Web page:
someone, but it did not seem heated in the beginning, so Hale kept trying to talk to the
girl. Williams was “flinchin’” (i.e., making an aggressive move) at the victim. Hale then
walked toward Williams to see what was happening because he was not going to let
anything happen to Williams. He said if the person Williams was arguing with took a
swing at Williams “we were gonna jump him.” As Hale got closer, he heard Williams
asking for his money, and the victim stood behind his girlfriend and laughed, saying he
gave it to the bondsman. When the girlfriend stepped away, it got heated and Williams
said he was going to beat the victim’s “ass.” The victim said that Williams would have
to strike the first blow.
FN6. When asked on cross-examination about his cousin’s name, Hale said his
name is “Frisco.” He said he did not know Frisco’s real name and Frisco
is his “play cousin,” not his real cousin.
Hale testified that Williams walked away, saying, “F this nigger.” As Williams
walked away, he waived his hands and told the victim to come out into the street.
According to Hale, up until that point, the confrontation had been between the victim and
Williams. When Williams said, “[F]uck this nigger,” the victim looked at Hale and said,
“[T]his bitch ass nigger.” Hale testified, he turned to look at the victim. “I look at him
like what I got to do with anything . . . ?” Hale told the victim, “You a bitch ass nigger.”
Hale testified that as Williams continued to walk off, the victim and Williams
were yelling at each other. Hale said he was not paying attention to what the victim was
saying to Williams until he heard the victim say, “I’m not worried about it I stay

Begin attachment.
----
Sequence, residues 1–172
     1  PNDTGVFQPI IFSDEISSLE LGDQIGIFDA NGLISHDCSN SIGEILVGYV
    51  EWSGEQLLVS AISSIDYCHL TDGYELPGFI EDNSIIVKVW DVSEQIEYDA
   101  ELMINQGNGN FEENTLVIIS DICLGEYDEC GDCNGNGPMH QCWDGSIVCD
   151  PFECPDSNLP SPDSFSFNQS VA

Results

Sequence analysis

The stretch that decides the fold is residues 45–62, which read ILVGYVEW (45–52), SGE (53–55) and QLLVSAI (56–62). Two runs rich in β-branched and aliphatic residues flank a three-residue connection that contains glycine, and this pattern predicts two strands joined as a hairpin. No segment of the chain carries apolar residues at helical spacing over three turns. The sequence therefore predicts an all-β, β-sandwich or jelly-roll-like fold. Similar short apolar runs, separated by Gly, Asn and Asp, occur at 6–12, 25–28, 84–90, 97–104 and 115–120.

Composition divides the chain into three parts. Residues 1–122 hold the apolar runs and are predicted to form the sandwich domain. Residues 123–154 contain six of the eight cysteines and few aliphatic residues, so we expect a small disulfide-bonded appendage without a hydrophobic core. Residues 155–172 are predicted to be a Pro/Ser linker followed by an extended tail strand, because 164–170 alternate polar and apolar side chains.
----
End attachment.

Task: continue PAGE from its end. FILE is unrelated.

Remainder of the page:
strapped,” which Hale explained means the victim had a gun. Hale said the victim made
this comment as Williams was calling the victim out into the street. According to Hale,
at the time the victim made that comment, he was coming around the front of the truck
and was walking towards Williams. Hale said that he was “like in the front of the blue
truck” walking across “the island” and Williams was at the back of the truck when the
victim made the comment about being strapped. The victim was still talking, so Hale
walked around the back of the truck and was walking back towards the victim to better
hear what the victim was saying. The victim stepped off of the curb and reached under
his shirt. Hale testified that at that point he pulled out his gun and shot the victim
because he thought the victim was going to shoot him or Williams. Hale testified he was
scared and he shot out of fear. He pulled out his gun, closed his eyes, and fired the gun at
the victim’s legs. Hale testified he aimed low because he did not want to kill the victim
but only to injure him so that he and his friend could get away without getting hurt. Hale
testified he realized the victim did not have a gun when the victim hit the ground and
pulled “his hands out of his pants.”